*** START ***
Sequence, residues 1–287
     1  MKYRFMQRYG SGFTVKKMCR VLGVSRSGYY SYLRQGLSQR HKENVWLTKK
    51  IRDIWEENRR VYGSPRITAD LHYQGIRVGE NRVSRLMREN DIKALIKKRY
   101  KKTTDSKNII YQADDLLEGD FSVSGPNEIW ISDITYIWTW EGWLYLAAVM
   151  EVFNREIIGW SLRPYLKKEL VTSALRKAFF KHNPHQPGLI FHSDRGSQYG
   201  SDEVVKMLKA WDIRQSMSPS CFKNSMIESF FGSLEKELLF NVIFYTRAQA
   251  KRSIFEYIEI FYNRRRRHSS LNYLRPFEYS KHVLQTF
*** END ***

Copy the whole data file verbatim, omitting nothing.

Sequence, residues 1–287
     1  MKYRFMQRYG SGFTVKKMCR VLGVSRSGYY SYLRQGLSQR HKENVWLTKK
    51  IRDIWEENRR VYGSPRITAD LHYQGIRVGE NRVSRLMREN DIKALIKKRY
   101  KKTTDSKNII YQADDLLEGD FSVSGPNEIW ISDITYIWTW EGWLYLAAVM
   151  EVFNREIIGW SLRPYLKKEL VTSALRKAFF KHNPHQPGLI FHSDRGSQYG
   201  SDEVVKMLKA WDIRQSMSPS CFKNSMIESF FGSLEKELLF NVIFYTRAQA
   251  KRSIFEYIEI FYNRRRRHSS LNYLRPFEYS KHVLQTF